Yogurt culture

This article was originally published in September 2016

Pure éire Dairy yogurt

Without sweeteners or added ingredients, plain yogurt is a canvas for creativity. Try it in place of sour cream on your favorite Mexican dishes, or use it to add moisture and flavor to baked goods. Our favorite way to eat it this time of year? With fall fruits — pluots, apples, pears — whether sliced fresh or stewed into a thick sauce. Add a dusting of cinnamon or cardamom, or a sprinkle of nuts or granola, and you have a fabulous, protein-packed breakfast or snack!

At PCC, we have a variety of organic and local yogurts that will make you want to experiment in all sorts of recipes and cuisines. For inspiration, visit our website: pccmarkets.com/recipes.

Five to try

  1. Pure éire Dairy — This Washington dairy makes creamy, ultra-thick whole-milk yogurt made from organic milk from 100-percent grass-fed cows. The dairy is Non-GMO Project Verified and Animal Welfare Approved. “We go above and beyond organic standards and believe the stress- free, healthy environment comes through in the milk,” says Pure éire’s Jill Smith.
  2. Straus Family Creamery — Milk and live active cultures are the only ingredients in this European-style organic yogurt. It’s rich and creamy but pourable and it comes from a family-owned dairy and creamery 60 miles north of San Francisco — the first certified organic dairy west of the Mississippi. Straus also makes exceptionally thick Greek yogurt (not pourable). Straus never uses stabilizers.
  3. Maple Hill Creamery — Whole-milk cream-on-top and Greek yogurts that are certified organic. It’s the only yogurt that’s certified 100-percent grass-fed by Pennsylvania Certified Organic (PCO). PCO grass-fed certification is considered the gold standard for grass-fed certification.
  4. Grace Harbor Farms — Tim and Grace Lukens make whole-milk, cream-top (non-homogenized) yogurt in Custer, Wash., just south of the Canadian border. The cows graze and enjoy a non-GMO diet; the Lukens switched away from corn and soy to be sure. The yogurt is thick, almost Greek-style, with a buttery taste.
  5. Redwood Hill Farm goat milk yogurt — Many people who are allergic to cow’s milk products or who suffer from lactose intolerance can eat goat milk yogurt. This Certified Humane brand is made from non-homogenized whole goat milk and has a velvety, smooth texture with a slight cream layer on top. It has a classic flavor that doesn’t taste too “goaty.”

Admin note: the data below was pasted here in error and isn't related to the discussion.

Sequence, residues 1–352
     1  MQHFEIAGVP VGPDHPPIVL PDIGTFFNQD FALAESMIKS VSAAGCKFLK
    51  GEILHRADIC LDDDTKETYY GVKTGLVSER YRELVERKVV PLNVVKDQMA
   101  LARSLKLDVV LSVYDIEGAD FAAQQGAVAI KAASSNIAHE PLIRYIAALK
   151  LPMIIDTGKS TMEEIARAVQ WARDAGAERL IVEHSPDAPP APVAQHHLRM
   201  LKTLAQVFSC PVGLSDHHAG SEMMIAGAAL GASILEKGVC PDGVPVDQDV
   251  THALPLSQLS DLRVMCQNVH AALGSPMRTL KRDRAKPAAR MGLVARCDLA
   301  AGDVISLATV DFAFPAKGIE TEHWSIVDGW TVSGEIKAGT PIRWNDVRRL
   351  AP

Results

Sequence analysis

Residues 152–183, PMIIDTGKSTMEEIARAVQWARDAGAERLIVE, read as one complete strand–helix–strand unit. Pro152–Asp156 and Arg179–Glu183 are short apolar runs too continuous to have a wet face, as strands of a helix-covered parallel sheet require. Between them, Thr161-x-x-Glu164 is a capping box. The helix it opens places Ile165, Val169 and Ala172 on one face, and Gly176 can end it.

The fat question

Why are consumers buying more whole-milk dairy? Besides the richer, creamier taste, they may be catching on to the health benefits.

Two recent studies conclude the consumption of whole-fat dairy is linked to reduced body fat.

Milk fat has its own unique mix of fats, many not found in any other foods. Organic, pastured and grass-fed milk contains even higher levels of these unique fats than conventional, grain-fed milk. Researchers have found that people with the highest levels of trans-palmitoleic acid (a “good fat” in whole milk) in their bodies have lower rates of obesity and diabetes, and that drinking whole milk increases the levels of this unique fat in our bodies.

  • If you’re historically a nonfat yogurt-eater and find plain yogurt too sour, try switching over to yogurt with some fat. Many full-fat varieties have a softer, fuller flavor.
  • If you’re freezing yogurt, use full-fat. It works much better in frozen recipes, such as frozen yogurt.
  • Full-fat yogurt works better in cooked recipes. Yogurt with fat also performs better under heat. Just whisk it thoroughly and consider tempering it with a bit of warm sauce or soup (depending on what you’re making) before adding it to the rest of your hot dish.

Yogurt for health

  • Yogurt is a good source of protein, calcium, riboflavin, phosphorus and magnesium. Many lactose-intolerant people can eat yogurt to get milk’s nutritional benefits without digestion problems.
  • Regularly eating yogurt with live active cultures contributes to healthy digestion and can promote immune health.

Yogurt terms

Cultured — Made with live bacteria cultures. All yogurt at PCC is cultured but yogurts at other grocers may not be. Look for “made with live active cultures” on the label.

European-style — Cooked in a large vat instead of in individual cups. This enables the curds to be stirred in the vat, before they are poured into cups, resulting in a smoother, creamier yogurt.

Greek-style — Strained to remove moisture, producing a thick, high-protein yogurt with the consistency of sour cream.

Also in this issue

Your co-op community, September 2016

Food bank packaging parties, Blood drive, 2016 Washington Artisan Cheesemakers Festival, and more

PCC Board of Trustees report, September 2016

July Board Meeting, Ends Policies, Global Ends, and more

Letters to the editor, September 2016

Plastics and packaging, Aseptic package lining, "Meal shakes", and more